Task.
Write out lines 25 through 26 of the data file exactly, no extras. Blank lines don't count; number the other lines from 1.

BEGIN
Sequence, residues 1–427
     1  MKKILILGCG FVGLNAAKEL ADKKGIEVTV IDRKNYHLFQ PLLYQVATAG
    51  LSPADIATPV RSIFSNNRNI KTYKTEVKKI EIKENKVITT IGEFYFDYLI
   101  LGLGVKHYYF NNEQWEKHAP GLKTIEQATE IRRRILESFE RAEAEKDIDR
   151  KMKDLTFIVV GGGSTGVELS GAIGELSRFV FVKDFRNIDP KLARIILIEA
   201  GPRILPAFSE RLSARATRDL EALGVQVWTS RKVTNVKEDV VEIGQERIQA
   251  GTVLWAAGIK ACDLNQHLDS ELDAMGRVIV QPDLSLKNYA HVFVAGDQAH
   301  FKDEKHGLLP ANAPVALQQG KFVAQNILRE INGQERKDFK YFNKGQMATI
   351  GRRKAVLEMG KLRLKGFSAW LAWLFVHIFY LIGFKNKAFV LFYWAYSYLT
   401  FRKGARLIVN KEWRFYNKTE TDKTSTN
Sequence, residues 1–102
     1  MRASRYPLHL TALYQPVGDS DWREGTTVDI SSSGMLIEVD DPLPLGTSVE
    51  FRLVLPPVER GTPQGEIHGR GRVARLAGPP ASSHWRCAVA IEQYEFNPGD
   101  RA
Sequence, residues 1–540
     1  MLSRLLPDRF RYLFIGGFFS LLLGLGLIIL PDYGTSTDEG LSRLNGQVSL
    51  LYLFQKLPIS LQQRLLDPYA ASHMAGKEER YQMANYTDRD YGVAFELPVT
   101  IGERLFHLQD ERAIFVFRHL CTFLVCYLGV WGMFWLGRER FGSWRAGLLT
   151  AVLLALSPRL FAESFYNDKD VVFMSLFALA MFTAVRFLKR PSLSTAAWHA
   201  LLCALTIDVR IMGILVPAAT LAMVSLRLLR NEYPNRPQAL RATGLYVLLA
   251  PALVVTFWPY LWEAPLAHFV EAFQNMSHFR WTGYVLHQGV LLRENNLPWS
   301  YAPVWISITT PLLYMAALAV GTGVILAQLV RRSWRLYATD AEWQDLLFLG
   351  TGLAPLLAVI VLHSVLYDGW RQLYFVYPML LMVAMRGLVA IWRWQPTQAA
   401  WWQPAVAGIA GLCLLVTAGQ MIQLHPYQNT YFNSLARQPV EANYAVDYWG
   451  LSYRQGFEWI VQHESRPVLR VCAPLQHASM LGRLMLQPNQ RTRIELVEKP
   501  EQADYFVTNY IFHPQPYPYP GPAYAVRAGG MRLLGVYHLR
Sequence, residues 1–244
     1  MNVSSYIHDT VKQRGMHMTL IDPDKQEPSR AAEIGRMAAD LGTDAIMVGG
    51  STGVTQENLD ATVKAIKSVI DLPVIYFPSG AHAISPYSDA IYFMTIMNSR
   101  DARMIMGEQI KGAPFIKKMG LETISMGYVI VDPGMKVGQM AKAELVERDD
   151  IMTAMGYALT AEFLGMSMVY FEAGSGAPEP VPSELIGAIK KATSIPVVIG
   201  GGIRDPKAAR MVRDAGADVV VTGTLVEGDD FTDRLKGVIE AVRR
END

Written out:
   451  LSYRQGFEWI VQHESRPVLR VCAPLQHASM LGRLMLQPNQ RTRIELVEKP
   501  EQADYFVTNY IFHPQPYPYP GPAYAVRAGG MRLLGVYHLR